Surgery


Preoperative workup was negative for infection by ESR and CRP, and intraoperative synovial fluid analysis, frozen section, and cultures were also negative. Upon exposure of the knee joint, the liner was protruding anteriorly. The liner was severely worn posteriorly. The suprapatellar pouch and medial and lateral gutters were re-established and debrided of inflamed synovium from poly debris. The femoral component was then exposed and its placement in extension was confirmed. The component was removed with care to preserve as much host bone as possible, but there was a large defect anteriorly from the notching of the index procedure and after removal of the prior cement. The tibia was then exposed and removed. There was significant lysis and loss of metaphyseal bone, which was more than expected based on the preop films. The cortex of the tibia was mostly intact and reasonably supportive.

The tibia was prepared for an intramedullary stem with hand reaming. A proximal tibial resection was then performed to establish proximal bone support. Because of the extent of metaphyseal bone loss, the tibia was prepared for a trabecular metal coupled tibial cone augment.

 

Figure 6. Trabecular metal coupled tibial cone fixed to tibial baseplate with stem extension.
Figure 6. Trabecular metal coupled tibial cone fixed to tibial baseplate with stem extension.
Figure 7. Close-up of tibial cone attached to tibial baseplate.
Figure 7. Close-up of tibial cone attached to tibial baseplate.

This provided improved proximal support of the component, maximizing contact to host bone. The femur was then prepared for a stemmed constrained component to bypass the anterior bone defect. Trial reductions were performed and there was appropriate knee motion and stability. A hybrid technique was used that cemented the components into place and a press-fit was used for the stems.

Figure 8. Postoperative AP film showing components with stems and coupled tibial augment.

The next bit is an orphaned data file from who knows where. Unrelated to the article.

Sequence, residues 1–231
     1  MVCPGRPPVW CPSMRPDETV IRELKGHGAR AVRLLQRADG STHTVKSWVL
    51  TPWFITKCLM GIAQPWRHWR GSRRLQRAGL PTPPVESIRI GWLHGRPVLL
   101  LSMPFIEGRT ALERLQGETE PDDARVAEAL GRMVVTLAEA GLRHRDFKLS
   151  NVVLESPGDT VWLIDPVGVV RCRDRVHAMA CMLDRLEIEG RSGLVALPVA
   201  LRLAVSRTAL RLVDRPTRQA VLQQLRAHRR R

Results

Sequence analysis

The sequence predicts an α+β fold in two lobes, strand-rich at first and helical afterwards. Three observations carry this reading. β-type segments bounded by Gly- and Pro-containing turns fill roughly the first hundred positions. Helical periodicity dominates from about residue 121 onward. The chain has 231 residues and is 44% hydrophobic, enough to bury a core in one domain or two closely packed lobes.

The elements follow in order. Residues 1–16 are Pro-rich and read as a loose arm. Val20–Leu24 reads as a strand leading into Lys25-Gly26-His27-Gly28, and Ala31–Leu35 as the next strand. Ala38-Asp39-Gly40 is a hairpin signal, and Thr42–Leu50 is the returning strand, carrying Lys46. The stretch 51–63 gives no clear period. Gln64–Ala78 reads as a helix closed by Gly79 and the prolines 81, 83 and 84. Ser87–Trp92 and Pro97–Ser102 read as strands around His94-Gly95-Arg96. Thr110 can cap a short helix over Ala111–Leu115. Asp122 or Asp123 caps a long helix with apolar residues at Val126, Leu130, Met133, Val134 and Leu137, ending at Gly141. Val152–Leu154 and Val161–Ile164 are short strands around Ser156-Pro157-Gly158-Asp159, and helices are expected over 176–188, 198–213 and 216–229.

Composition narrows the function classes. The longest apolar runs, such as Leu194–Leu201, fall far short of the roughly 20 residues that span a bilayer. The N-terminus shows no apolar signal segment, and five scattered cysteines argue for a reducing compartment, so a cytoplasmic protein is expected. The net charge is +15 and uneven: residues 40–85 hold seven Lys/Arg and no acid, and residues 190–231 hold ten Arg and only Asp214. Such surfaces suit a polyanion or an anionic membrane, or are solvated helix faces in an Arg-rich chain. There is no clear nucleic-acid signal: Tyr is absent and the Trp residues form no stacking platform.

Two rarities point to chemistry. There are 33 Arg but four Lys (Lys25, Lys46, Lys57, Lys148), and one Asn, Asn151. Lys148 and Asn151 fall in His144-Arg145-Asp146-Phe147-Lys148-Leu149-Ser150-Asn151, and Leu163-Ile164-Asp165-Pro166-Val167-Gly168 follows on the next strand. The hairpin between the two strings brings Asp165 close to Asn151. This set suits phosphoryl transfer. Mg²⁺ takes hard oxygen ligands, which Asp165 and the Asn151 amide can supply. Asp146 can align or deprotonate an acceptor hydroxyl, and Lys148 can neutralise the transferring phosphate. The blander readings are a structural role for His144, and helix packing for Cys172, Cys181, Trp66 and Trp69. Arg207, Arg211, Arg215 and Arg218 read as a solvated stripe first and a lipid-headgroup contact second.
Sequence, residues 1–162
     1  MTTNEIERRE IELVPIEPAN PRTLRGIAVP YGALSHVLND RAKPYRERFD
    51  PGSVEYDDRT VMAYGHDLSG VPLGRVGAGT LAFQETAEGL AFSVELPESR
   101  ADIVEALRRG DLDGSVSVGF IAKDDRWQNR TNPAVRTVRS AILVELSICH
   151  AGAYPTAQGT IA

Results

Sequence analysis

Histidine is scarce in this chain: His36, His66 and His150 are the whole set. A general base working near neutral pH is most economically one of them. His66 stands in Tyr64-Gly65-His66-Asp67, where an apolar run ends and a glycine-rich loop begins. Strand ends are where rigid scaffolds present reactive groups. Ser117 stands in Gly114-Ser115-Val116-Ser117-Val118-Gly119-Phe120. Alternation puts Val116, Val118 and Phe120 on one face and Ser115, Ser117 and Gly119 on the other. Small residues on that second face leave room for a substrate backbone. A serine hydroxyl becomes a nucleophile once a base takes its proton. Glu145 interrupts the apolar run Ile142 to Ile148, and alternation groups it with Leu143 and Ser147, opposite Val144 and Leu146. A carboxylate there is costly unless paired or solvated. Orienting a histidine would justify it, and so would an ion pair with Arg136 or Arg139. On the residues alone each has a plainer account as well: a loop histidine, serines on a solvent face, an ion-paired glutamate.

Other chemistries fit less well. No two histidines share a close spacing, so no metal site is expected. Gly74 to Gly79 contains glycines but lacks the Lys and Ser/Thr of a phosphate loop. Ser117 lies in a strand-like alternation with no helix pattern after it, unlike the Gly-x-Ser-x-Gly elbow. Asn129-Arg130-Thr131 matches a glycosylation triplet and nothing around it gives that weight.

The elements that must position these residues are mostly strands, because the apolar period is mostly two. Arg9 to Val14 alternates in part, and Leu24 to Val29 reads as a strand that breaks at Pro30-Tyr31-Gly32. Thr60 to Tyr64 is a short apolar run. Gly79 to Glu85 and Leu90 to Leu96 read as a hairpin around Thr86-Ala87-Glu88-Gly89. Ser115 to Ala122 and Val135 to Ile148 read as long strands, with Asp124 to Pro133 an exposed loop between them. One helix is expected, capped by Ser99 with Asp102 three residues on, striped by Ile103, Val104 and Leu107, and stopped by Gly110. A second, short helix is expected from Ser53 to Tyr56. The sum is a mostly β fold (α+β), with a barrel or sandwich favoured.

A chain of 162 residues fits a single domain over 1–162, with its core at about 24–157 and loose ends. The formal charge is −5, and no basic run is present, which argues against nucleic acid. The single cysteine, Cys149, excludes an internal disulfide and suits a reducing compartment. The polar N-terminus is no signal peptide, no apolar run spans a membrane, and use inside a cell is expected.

Figure 8. Postoperative AP film showing components with stems and coupled tibial augment.
Figure 9. Postoperative lateral film.
Figure 9. Postoperative lateral film.

The tibial cone can be placed with or without cement, but was cemented in this case because of the quality of the host bone.

For pain management, intravenous Tylenol was used preoperatively. No NSAIDs were used because of her kidney and anticoagulation contraindications. A periarticular injection of Marcaine with epinephrine was performed for short-acting pain relief, and to possibly minimize bleeding. Liposomal bupivacaine was first injected throughout the posterior capsule, medial and lateral gutters, and periosteum. Because of the size of the patient and the revision exposure, 100ml of diluted injection was used; a large volume allows optimization to create as large of a field block as possible. A 22-guage needle was used to maximize infiltration so that the injection stays within the tissue. Finally, the remaining injection was used in the soft tissues and skin prior to closure.

Postop


The patient tolerated the surgery well. Her pain was well controlled and she was able to ambulate the day of surgery. She had an unremarkable hospital course. She was discharged home the second day after surgery. At her two week appointment her incision was healing well, her pain was much improved compared to the pain she felt pre-surgery, and she was ambulating with a cane. At her 6 week appointment she was taking no pain medications and was walking without an assist device.